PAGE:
As the School of Law & Justice's Law and the Humanities Artist in Residence, Professor Schlink will be presenting a short reading from his novel, The Reader, followed by a discussion of the novel and its themes of desire, memory and guilt with Professor William MacNeil, Dean and Head of School of the School of Law & Justice, Southern Cross University.


John Reid

John Reid, Emeritus Fellow of The Australian National University

2019: John Reid, Emeritus Fellow, ANU

29 April - 10 May 2019 at the Gold Coast Campus
5 - 18 August 2019 at the Gold Coast campus

For more than three decades from 1969 to 2001, John Reid engaged with the law as a considered part of his creative practice as a graphic designer, student newspaper editor and visual artist.

From 5-18 August, John Reid will be working on his collage of Australian banknotes, Level 6, School of Law and Justice, Gold Coast campus, Southern Cross Drive, Bilinga. Drop by anytime to talk to the artist.

The subject of the banknote collage is political or enforced disappearances. The artwork was initiated in 1982 in response to Amnesty International’s Disappearance Campaign triggered by the criminal political climate in Central and South America; and by the artist’s concern about the Australian government’s relationship with Indonesia and policy on East Timor.

An enforced disappearance is the abduction of a citizen and the subsequent secret detention, torture, murder and disposal of their body by agents of the State. In most cases, it is perpetrated to suppress popular opposition to repressive economic policies maintained through aid from foreign governments who are accomplices in the economic exploitation so as to support affluent living standards in their own countries.

The intent of the artwork is to appeal for ethical vigilance of the Australian government’s foreign policies that are fueled by greed. The conceptual relationship between the artwork’s focus on economic exploitation and its medium of money serves to visually dramatise this intention. 

From 1984 to 1987, the artwork was legally contested which enhanced the impact of the work. Resolution of the legal proceedings involved the Federal Director of Public Prosecutions and the Federal Treasurer. Untitled is a process artwork. Its exhibition is performative and, in addition to the presentation of the collage, includes the creative procedures of its production in the studio space. There is no point in time when the work might be considered complete. Authorship is trans-generational. Custodial responsibility for the artwork and permission to work/rework its surface passes from one artist to another.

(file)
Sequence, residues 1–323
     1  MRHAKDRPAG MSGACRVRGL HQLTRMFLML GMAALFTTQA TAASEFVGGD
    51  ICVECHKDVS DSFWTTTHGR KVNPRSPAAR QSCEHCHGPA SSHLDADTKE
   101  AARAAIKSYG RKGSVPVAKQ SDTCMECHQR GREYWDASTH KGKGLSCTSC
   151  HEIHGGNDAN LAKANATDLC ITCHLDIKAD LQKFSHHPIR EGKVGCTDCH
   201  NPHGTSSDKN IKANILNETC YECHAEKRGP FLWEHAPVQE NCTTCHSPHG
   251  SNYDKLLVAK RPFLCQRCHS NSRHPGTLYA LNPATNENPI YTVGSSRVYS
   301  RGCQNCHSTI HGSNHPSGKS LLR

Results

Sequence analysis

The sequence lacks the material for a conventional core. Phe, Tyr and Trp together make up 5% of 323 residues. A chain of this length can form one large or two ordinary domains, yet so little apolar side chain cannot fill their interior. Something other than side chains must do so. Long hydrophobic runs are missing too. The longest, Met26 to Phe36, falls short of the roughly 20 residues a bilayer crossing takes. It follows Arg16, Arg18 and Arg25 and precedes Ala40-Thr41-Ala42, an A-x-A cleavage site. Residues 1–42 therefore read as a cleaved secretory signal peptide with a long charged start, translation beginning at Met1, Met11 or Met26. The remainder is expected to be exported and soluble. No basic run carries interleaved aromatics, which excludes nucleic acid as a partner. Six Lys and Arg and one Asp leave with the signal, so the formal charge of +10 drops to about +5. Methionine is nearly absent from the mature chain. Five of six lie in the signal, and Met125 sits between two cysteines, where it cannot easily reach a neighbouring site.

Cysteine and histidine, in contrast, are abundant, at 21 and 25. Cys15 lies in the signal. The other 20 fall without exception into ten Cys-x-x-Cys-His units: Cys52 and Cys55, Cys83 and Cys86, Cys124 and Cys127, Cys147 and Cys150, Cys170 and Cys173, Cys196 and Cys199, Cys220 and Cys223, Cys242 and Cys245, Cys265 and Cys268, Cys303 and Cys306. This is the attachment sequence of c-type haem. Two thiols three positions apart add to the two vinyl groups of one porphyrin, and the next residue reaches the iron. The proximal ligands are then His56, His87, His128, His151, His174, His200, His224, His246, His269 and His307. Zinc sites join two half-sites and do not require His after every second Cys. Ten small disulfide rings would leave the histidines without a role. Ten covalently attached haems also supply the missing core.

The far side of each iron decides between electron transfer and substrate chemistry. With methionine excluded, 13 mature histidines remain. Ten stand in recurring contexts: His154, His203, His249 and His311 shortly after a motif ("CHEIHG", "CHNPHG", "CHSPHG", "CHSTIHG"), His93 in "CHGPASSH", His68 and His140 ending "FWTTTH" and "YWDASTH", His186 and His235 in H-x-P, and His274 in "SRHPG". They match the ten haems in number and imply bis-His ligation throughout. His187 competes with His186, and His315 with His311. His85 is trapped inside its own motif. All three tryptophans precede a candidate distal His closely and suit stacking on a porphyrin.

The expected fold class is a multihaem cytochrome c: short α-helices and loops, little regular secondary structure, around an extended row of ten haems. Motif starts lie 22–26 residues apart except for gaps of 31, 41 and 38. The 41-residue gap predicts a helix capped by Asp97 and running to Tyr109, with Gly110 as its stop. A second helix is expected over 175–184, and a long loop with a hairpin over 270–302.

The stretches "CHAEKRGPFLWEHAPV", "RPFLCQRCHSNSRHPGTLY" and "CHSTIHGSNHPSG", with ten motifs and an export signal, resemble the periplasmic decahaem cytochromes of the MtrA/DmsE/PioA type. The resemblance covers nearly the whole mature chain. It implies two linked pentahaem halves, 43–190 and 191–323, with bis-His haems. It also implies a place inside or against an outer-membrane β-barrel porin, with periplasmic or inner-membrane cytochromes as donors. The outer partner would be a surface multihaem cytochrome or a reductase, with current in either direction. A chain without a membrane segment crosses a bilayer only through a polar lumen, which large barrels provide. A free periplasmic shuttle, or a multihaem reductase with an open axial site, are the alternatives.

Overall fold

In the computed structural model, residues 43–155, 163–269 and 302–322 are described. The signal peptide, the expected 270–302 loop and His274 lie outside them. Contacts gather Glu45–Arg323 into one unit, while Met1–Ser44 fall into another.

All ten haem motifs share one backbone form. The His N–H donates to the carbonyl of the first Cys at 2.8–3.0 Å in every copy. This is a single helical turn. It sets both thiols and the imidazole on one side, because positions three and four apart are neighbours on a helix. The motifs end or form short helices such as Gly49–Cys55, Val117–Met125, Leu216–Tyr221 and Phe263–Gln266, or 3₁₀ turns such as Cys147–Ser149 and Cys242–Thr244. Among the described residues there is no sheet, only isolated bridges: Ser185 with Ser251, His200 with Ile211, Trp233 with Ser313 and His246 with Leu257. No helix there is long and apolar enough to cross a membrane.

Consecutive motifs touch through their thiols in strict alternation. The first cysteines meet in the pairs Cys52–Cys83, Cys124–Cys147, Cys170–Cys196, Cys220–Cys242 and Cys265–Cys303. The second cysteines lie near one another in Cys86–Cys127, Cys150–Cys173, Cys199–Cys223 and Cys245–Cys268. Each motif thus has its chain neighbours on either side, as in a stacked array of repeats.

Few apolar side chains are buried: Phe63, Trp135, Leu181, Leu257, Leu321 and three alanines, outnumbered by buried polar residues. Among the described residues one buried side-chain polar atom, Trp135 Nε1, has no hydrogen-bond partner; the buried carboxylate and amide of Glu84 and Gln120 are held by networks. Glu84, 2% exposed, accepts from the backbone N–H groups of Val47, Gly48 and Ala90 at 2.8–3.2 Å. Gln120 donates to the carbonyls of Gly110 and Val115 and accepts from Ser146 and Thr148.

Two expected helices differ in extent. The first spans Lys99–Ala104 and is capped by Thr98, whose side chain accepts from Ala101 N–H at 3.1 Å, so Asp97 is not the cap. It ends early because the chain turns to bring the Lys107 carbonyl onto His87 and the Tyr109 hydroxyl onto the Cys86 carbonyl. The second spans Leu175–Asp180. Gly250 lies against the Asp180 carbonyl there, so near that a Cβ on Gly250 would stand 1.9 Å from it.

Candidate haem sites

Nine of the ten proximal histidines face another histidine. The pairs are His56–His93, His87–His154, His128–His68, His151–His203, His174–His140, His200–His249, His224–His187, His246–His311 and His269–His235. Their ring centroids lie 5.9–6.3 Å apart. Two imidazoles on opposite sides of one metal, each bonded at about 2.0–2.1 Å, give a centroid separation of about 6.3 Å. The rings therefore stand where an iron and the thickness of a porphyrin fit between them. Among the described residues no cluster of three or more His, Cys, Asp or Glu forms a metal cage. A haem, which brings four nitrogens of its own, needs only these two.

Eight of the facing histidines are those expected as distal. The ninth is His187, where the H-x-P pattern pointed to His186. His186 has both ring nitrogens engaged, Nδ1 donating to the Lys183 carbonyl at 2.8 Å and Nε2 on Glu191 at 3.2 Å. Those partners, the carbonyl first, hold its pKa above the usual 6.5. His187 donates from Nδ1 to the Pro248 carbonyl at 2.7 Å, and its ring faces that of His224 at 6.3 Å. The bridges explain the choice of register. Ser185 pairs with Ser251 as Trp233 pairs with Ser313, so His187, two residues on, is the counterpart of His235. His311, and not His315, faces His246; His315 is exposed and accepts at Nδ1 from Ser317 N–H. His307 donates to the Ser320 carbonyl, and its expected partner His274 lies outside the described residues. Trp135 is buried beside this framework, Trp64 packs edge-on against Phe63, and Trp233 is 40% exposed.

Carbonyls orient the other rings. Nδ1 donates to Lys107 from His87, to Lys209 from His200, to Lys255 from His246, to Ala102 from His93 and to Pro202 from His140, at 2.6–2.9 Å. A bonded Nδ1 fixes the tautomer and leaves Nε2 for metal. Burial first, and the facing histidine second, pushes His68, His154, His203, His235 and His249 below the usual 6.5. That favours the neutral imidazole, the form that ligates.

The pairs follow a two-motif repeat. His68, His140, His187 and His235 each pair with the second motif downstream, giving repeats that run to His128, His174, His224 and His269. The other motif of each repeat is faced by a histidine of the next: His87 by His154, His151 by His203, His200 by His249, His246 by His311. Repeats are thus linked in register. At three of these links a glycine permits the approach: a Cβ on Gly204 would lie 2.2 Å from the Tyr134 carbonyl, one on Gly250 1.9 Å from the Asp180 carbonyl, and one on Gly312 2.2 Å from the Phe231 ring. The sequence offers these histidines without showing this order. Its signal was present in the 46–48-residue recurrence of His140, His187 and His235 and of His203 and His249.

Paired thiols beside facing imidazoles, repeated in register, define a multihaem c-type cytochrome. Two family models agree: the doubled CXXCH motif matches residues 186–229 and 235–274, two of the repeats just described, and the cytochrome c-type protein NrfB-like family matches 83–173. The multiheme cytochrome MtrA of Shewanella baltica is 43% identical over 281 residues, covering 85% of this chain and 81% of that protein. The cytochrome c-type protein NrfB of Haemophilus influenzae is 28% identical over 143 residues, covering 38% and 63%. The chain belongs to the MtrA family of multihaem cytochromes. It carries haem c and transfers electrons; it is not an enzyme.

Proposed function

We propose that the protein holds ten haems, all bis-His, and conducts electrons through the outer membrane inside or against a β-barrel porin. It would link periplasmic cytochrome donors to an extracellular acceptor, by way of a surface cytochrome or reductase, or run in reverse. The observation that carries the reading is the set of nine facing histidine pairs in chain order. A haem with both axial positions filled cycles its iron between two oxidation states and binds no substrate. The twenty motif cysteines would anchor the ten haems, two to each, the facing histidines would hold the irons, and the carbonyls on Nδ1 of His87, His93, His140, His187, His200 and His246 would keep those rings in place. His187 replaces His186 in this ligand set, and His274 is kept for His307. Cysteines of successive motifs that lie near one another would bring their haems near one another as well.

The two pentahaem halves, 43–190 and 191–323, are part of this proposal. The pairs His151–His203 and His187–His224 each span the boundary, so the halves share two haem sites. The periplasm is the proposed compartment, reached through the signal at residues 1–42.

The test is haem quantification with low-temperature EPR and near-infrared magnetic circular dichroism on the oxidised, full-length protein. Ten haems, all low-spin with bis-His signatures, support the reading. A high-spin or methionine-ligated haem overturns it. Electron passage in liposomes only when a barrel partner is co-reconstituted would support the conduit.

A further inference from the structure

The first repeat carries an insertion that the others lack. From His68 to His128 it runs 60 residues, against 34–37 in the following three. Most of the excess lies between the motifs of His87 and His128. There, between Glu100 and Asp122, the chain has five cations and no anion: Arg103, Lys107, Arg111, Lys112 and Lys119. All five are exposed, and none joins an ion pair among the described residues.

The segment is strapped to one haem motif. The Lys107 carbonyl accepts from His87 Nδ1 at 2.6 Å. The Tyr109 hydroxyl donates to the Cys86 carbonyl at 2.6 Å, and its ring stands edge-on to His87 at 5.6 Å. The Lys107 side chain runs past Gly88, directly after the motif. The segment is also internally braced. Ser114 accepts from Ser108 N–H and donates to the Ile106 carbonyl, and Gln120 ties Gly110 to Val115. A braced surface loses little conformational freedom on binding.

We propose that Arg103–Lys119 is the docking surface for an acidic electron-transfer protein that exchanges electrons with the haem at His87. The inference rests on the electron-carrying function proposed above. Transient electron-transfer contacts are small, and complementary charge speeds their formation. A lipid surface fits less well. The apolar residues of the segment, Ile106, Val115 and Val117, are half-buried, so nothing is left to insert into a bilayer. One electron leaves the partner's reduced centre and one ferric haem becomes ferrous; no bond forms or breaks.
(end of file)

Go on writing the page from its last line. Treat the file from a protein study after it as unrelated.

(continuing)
John Reid Artist in Residence, School of Law and Justice at SCU - August 2019

Fleur Kilpatrick, playwright. Presenting seminar at the Gold Coast Campus 7 August 2019

Fleur Kilpatrick, Playwright.

2019: Fleur Kilpatrick

7 August 2019 at the Gold Coast campus and via Zoom to other locations.

In a rising ocean of dire facts, there is an urgent need for performative fiction about our present that confronts climate crisis with irreverence, humour and absurdity. To write about climate change in a way that empowers audiences and inspires action is to find a balance between hope and despair: too much or too little of either can paralyse. 

Many artists and communicators struggle to contain the complexities of the present in their representation of climate change: getting on with life, laughing, joking, shopping, whilst living in fear. Many chose instead to approach climate change through a dystopian lens; such narratives sit within conventional dramatic structure far better than the unresolved, distress and mundanity of the present.

Through the lens of the 2017 Max Afford Award-winning play, Whale, I argue for making entertainment out of something as dire as climate emergency.  My work uses comedic tactics and absurdist structures to examine Australia’s relationship with nature and our global responsibility from new narrative viewpoints. Whale embraces this moment in time, in all its banality, silliness, humour and terror. 

Fleur Kilpatrick is an award-winning playwright and director with practice focused on environmental sustainability and care. She holds a postgraduate diploma of directing and a Masters in playwriting from the VCAM. She is a lecturer at Monash Centre for Theatre and Performance and the co-founder of Lonely Company, working to support emerging playwrights create sustainable careers.

Fleur’s plays have won the 2018 Max Afford Playwrights Award (Whale), 2016 Jill Blewett Award (Blessed, Poppy Seed Festival) and 2015 Melbourne Fringe’s Emerging Playwright Award (The City They Burned, Melbourne Fringe, Brisbane Festival).